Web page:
Edwin waited on the station platform watching the conductor and the steward so intently that they let him board early. He found the perfect seat in the middle of the car next to a window overlooking the station. Edwin set his bag on the seat next to him to discourage anyone from sitting there. There was nothing worse than trying to make pleasant conversation with a talkative neighbor.
The book his sister had given him was fiction, the latest spy thriller about an international conspiracy out to control the world. This trip was his vacation and she would allow no serious thinking on his part. He took the book out of his bag and set it in his lap. He'd give it a try, but only because she'd check on him later.
She had also provided him an assortment of snacks though there was too much chocolate. He took out a few anyway and arranged them in the seat pocket in front of him. Suitably prepared he leaned back and watched the other passengers hurry about the station.
He saw her approach from the opposite end of the station platform. Everyone saw her approach. The sea of people hustling about in every direction simply stopped to watch her pass. She was amazing. She was all legs and boots with long blond hair that flowed endlessly behind her from beneath a dark wide brimmed hat. Darker yet sunglasses hid what Edwin knew must be glorious eyes. If he had allowed himself the frivolous luxury of such dreams, she could have stepped directly out of one.
Edwin closed his eyes and concentrated hoping that the force of his will would make her come to his train, to sit in his car.
Cautiously he peaked out the window. For a terrible second or two he thought he had lost her, that she had walked on by and was now gone forever. But there she was talking to the conductor next to his car. The conductor nodded and pointed in Edwin's direction. She looked up following his gesture and Edwin ducked back into his seat. Had she seen him staring? What would he do if she did get on this car?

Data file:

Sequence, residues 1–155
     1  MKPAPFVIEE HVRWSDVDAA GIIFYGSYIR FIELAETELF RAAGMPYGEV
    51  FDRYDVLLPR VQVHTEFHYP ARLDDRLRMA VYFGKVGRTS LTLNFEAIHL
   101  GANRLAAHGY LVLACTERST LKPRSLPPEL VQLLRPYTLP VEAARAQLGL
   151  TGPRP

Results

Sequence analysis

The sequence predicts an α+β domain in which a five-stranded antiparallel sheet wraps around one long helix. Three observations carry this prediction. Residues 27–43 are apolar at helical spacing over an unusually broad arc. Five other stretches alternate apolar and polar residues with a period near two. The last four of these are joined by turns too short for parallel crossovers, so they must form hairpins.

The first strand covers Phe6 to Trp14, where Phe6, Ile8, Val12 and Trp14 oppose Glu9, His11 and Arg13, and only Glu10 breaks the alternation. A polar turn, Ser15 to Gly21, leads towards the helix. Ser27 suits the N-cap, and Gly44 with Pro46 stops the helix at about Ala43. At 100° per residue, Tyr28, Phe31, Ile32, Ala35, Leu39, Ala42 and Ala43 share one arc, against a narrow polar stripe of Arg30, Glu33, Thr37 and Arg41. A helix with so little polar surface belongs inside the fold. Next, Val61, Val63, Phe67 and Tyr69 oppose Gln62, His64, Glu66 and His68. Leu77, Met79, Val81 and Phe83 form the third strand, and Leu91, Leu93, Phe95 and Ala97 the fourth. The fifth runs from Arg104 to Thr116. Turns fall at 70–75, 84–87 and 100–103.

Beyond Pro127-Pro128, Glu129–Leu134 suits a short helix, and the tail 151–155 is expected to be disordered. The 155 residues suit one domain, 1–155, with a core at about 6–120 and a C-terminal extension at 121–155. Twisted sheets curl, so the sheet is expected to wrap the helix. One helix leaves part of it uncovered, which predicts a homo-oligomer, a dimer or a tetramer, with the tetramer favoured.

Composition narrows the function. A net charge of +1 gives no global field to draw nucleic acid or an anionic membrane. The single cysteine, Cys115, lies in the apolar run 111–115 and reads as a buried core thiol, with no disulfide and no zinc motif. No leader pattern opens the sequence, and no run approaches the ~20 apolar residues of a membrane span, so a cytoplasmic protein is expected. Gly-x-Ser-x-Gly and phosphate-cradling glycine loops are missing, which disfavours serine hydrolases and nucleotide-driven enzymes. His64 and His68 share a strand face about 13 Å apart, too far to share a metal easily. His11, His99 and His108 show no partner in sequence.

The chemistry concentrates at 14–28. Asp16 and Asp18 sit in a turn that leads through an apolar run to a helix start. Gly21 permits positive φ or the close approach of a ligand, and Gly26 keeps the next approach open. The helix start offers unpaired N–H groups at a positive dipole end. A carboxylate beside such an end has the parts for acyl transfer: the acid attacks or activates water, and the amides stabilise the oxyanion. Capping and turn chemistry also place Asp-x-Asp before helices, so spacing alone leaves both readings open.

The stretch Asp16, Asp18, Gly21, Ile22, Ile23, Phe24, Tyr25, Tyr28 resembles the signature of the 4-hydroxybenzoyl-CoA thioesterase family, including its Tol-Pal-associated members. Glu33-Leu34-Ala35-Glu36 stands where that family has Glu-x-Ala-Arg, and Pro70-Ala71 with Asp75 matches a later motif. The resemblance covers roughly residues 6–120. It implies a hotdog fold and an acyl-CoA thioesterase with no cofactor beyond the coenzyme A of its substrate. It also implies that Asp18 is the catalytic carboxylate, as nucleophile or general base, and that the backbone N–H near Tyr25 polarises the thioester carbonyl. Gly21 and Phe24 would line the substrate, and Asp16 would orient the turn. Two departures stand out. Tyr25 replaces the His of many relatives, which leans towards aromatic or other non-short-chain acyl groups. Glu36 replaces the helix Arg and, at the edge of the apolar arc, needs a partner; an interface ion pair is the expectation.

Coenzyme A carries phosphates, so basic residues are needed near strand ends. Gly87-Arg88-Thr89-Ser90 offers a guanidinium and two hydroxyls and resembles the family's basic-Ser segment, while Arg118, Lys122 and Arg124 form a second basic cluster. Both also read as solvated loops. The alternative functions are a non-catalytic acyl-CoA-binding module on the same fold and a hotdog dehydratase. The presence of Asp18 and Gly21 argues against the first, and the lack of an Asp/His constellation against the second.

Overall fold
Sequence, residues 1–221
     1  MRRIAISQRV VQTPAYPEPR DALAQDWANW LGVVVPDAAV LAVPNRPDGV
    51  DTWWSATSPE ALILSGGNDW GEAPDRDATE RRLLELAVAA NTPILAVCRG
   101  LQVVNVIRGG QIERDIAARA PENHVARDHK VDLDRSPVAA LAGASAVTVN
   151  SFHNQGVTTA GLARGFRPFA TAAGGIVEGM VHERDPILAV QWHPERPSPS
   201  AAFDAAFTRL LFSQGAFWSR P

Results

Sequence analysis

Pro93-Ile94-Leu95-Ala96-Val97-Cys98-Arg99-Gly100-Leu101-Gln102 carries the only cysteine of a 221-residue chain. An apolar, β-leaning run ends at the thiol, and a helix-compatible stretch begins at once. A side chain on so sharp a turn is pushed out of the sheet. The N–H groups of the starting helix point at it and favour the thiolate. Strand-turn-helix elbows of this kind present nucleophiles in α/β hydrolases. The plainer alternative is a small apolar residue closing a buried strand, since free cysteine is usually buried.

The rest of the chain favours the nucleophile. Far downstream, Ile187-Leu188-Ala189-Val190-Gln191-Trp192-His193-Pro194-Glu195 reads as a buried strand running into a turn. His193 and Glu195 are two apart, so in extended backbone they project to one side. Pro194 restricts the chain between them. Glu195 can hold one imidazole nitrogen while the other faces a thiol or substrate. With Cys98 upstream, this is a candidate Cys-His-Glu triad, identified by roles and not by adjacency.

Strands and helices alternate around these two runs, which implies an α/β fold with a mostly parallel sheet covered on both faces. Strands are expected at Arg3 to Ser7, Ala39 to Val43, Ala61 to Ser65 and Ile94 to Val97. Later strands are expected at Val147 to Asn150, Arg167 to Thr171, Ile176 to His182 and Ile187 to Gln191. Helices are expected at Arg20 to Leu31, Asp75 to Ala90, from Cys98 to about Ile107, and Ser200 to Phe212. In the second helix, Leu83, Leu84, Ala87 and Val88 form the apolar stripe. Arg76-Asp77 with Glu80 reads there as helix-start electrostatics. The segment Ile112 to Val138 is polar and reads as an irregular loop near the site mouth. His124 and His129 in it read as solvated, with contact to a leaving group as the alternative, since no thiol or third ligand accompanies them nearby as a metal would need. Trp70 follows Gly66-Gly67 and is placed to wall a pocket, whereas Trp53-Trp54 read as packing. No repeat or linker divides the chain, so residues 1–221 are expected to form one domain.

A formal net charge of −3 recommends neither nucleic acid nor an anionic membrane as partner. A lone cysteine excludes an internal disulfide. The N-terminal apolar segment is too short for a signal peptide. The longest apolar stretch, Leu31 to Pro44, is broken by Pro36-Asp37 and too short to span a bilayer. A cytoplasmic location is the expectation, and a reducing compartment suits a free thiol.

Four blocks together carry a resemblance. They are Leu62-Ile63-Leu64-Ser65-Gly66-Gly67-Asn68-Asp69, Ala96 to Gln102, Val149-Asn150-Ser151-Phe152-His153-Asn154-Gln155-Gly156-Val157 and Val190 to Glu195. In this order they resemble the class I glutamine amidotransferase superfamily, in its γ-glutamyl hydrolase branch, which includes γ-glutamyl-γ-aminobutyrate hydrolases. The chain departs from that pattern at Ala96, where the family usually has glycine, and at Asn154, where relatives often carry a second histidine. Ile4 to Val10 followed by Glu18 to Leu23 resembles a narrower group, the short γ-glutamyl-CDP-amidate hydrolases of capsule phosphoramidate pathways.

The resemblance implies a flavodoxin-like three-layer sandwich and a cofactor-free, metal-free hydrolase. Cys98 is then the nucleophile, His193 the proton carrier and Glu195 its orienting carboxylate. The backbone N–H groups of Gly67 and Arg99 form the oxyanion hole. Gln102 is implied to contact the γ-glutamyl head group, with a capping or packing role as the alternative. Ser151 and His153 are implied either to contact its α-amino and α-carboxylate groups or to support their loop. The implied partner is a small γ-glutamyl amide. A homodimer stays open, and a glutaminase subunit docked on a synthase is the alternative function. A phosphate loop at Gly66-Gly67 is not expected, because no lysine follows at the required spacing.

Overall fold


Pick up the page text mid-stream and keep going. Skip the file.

The doors to the car opened. When he dared to look up she was walking down the aisle toward him. Hypnotized he could not look away. She moved with such grace and confidence that he knew she was used to being the center of attention. She was the most beautiful woman he had ever seen and she was here walking down the aisle toward him.
On an impulse he grabbed his bag from the seat beside him, pretended to look for something deep inside, and quickly put it on the floor at his feet. When she reached his row she paused for a moment and smiled at Edwin, but then continued on. She took possession of a seat a few rows behind him on the opposite side of the car.
Disappointed, though at the same time very much relieved, Edwin quietly retrieved his bag back and replaced it on the seat beside him. He opened his book. He read the same paragraph over three times. She had smiled at him and he couldn't forget it. He didn't want to forget it. She was so beautiful. Who was she? Maybe she was an actress or a model. For the first time he wished he had paid more attention to the movies and television his sister watched. She would know who this mysterious woman was.
Edwin sat up in his seat and tried to causally look back in her direction. She was paging through a magazine, the dark glasses still hiding her eyes. She flipped a page and then looked up. Seeing Edwin, she smiled.
Edwin collapsed back into his seat nearly dropping his book to the floor. There he goes again, staring at her like a lovestruck child. Why had he looked back? She must think him to be a terrible person.
But she had smiled. That's right, she had seen him and then had smiled. A second time. A horrible thought raced through Edwin's mind. What if she had smiled at someone else? What if it hadn't been directed at him, that he had only imagined it?